Opinion: What to do with Lincoln

Plans to rebuild Lincoln have grown increasingly appealing to both students and voters. However, the bond they are a part of has been postponed to May.

Many feel the bond won’t even get passed, as they gather that the May ballot will lack voters.

In fact, more than 1000 students thronged the streets to protest the delay.

All the same, the Portland Public Schools board dismissed the protesters as well as their message. The board will keep the postponement.

Now, the question remains; if the bond fails, what would Lincoln do?

While the school is old, most schools are. Outside the United States, many buildings  have been around for hundreds, in some cases thousands, of years.

Even though many schools raze their old buildings, many maintain them. So, another option would be to completely renovate the Lincoln building.

Unfortunately, many claim, full renovation may be more costly than a rebuild. While a new structure will not require much maintenance for a few decades, an older building requires more maintenance. A series of renovations may suffer high costs which could eventually exceed the rebuild’s expenses.

A more moderate approach is to partially renovate. A small-scale renovation is simpler, cheaper and easier. The asbestos will be attended to, pipes will be sealed and smoke detectors could be added. However, some argue that this alternative will not prepare Lincoln for its increasing overpopulation and that students would struggle to flee the building in case of a fire or earthquake.

Another proposal is to build more portables to compensate for increasing students. Proponents argue that it is less costly than most of the other options. Some students may prefer portables than classrooms. Critics argue that even though the initial cost, often around the ten thousands, is cheaper, the maintenance costs soar over the decades. It’s a question of whether permanence or temporary readiness should be valued.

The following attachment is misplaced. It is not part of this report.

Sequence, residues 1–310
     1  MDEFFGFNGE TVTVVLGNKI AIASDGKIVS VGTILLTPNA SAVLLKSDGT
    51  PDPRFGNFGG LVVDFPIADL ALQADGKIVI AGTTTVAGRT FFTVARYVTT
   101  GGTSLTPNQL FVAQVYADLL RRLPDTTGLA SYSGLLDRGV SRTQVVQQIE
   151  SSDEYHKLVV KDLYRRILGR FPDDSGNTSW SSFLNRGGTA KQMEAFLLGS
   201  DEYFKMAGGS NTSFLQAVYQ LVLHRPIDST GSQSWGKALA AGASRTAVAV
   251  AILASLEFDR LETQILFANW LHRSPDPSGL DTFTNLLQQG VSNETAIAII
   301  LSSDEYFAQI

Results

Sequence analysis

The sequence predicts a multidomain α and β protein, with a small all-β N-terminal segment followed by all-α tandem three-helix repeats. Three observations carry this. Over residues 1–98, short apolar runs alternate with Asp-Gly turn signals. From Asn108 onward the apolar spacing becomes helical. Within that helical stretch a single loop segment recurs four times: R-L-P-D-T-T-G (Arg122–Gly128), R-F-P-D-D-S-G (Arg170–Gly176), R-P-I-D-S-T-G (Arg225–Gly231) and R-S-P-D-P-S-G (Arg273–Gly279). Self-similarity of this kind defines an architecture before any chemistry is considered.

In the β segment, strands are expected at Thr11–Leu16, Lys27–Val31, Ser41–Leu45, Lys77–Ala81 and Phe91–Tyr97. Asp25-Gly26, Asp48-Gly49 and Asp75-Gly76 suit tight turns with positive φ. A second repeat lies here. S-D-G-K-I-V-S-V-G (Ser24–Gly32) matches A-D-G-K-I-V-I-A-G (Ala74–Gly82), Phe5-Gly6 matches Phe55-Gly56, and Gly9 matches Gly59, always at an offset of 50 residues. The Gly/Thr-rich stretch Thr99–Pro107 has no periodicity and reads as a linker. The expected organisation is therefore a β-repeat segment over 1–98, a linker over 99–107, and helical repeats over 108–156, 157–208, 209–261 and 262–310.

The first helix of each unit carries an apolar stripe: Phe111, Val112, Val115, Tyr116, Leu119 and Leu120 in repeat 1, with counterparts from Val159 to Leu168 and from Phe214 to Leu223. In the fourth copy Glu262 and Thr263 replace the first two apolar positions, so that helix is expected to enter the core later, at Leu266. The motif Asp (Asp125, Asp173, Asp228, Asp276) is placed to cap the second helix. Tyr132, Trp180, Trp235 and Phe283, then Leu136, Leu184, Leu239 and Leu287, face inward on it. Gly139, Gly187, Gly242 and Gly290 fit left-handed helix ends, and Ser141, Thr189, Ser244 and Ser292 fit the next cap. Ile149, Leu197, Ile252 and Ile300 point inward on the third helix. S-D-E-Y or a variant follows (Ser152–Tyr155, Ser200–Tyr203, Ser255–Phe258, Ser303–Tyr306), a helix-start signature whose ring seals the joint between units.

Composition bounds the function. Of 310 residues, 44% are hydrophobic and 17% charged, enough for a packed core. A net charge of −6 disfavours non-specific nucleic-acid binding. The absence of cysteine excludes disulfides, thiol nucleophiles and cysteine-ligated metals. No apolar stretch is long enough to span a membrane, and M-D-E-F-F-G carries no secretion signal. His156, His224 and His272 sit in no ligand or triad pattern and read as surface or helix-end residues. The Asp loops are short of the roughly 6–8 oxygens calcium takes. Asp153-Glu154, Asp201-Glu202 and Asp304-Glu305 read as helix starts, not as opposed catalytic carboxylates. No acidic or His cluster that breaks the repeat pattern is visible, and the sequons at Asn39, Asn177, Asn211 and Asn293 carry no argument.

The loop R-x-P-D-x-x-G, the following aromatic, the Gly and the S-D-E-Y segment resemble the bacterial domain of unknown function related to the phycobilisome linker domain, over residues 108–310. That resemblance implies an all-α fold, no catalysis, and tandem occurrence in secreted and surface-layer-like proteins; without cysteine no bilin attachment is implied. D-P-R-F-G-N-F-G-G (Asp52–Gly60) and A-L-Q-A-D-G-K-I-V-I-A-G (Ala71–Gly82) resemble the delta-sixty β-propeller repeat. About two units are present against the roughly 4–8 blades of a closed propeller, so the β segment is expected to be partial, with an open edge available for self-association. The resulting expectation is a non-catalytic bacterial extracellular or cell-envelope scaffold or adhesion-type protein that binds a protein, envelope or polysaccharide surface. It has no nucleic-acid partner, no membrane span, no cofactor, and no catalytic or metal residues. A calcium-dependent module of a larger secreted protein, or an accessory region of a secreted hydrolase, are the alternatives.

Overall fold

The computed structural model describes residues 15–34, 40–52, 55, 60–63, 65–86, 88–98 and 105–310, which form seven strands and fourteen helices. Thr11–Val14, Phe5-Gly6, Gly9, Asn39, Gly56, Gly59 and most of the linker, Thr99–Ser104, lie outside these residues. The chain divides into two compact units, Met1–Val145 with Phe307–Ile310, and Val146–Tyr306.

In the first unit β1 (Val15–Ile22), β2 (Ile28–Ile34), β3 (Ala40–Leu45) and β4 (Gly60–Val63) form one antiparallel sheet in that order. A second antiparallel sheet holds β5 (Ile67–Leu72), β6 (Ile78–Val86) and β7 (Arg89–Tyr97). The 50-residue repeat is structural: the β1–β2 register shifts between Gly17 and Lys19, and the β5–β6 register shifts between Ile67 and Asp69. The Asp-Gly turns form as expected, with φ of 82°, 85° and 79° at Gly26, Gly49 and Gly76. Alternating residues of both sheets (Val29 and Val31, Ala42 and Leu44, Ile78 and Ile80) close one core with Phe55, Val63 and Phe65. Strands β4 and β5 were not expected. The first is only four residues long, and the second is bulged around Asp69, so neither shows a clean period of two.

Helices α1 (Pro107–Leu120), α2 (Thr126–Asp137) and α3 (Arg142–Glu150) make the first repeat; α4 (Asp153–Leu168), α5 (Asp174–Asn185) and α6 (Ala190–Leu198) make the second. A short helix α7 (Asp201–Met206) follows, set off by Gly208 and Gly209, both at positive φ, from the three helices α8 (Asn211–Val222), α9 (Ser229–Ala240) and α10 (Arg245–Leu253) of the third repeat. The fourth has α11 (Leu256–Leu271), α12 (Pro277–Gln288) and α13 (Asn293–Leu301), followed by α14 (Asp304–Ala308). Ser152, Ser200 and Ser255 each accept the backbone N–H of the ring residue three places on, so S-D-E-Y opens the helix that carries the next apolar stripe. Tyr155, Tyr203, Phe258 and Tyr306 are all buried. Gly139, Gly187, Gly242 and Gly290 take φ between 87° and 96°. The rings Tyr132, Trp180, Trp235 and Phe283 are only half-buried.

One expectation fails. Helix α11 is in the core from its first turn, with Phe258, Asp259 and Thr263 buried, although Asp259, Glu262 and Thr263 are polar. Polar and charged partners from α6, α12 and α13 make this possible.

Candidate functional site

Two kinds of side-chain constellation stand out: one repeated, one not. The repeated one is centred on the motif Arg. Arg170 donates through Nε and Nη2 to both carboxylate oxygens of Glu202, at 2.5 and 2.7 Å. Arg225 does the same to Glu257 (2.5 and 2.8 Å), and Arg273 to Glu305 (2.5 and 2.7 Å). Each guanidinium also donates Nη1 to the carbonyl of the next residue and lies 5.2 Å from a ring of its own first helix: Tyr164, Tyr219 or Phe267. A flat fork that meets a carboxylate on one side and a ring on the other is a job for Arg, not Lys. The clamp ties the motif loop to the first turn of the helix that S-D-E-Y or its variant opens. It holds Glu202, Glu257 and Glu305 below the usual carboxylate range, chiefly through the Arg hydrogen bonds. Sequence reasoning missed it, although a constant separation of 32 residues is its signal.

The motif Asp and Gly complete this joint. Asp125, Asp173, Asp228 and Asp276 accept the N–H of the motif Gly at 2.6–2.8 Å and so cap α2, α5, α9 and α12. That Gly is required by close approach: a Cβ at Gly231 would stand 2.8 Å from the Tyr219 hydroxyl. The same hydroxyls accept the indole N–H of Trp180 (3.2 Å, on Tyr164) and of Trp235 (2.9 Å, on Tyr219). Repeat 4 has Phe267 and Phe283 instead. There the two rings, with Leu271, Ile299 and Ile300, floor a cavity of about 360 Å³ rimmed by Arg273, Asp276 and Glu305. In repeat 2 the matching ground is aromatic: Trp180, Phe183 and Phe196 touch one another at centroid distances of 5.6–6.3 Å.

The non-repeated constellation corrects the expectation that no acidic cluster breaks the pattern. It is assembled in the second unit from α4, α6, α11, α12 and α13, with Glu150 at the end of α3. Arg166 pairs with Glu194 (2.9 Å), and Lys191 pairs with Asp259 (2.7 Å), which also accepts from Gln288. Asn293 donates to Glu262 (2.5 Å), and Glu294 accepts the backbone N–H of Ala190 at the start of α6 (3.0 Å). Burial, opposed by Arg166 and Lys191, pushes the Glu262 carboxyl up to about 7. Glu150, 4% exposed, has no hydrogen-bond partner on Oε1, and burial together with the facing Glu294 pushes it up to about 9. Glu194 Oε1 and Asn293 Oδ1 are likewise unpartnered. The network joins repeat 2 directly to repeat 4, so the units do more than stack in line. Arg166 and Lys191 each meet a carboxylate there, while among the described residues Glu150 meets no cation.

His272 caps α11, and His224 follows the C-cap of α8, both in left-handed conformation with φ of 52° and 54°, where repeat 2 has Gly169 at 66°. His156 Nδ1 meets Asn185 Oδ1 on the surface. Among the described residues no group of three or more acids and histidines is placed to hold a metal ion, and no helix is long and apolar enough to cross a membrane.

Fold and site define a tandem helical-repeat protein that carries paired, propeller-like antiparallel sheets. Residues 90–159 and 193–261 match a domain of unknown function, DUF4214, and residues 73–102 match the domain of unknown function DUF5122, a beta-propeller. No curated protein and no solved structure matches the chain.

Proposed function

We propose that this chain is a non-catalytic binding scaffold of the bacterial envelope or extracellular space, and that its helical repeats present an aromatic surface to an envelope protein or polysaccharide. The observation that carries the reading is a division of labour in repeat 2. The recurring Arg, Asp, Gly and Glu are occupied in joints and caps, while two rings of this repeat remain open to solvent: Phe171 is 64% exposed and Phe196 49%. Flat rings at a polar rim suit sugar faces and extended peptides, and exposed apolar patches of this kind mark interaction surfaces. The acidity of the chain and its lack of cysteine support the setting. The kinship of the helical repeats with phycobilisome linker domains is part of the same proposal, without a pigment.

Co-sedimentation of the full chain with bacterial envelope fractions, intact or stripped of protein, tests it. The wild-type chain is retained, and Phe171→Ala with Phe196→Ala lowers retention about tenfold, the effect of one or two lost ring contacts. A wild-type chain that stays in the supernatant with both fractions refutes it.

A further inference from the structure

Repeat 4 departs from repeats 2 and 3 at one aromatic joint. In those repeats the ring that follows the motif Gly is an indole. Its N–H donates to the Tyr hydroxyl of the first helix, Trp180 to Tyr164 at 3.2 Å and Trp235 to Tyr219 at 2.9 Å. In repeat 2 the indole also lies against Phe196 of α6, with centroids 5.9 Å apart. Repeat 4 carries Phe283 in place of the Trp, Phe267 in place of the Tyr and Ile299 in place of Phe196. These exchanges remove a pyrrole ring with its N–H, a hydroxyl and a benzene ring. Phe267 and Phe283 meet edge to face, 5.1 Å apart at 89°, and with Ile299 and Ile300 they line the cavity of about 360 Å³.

However, others propose no rebuild or renovation at all. They, many of whom are concerned taxpayers, find that Lincoln is a stable building without need for repair, especially compared to other buildings around Portland. The rebuild bond is perceived as a waste of taxpayers’ dollars. A supposedly “stable” school could fare fine despite its inevitable overpopulation. If Lincoln’s population is an issue, students from specific districts could be re-routed to other schools.

In spite of all these alternatives, it’s too early to speculate whether the rebuild bond will pass. Some voters may be seething over the unexpected walkout, but it’s possible that their anger would subside over time.

According to Portland Public Schools, the full fledge rebuild bond requires $750 million (because it applies to multiple schools). Maintenance of Lincoln can range from tens of millions to the hundreds in the future. Portables merely cost tens of thousands of dollars.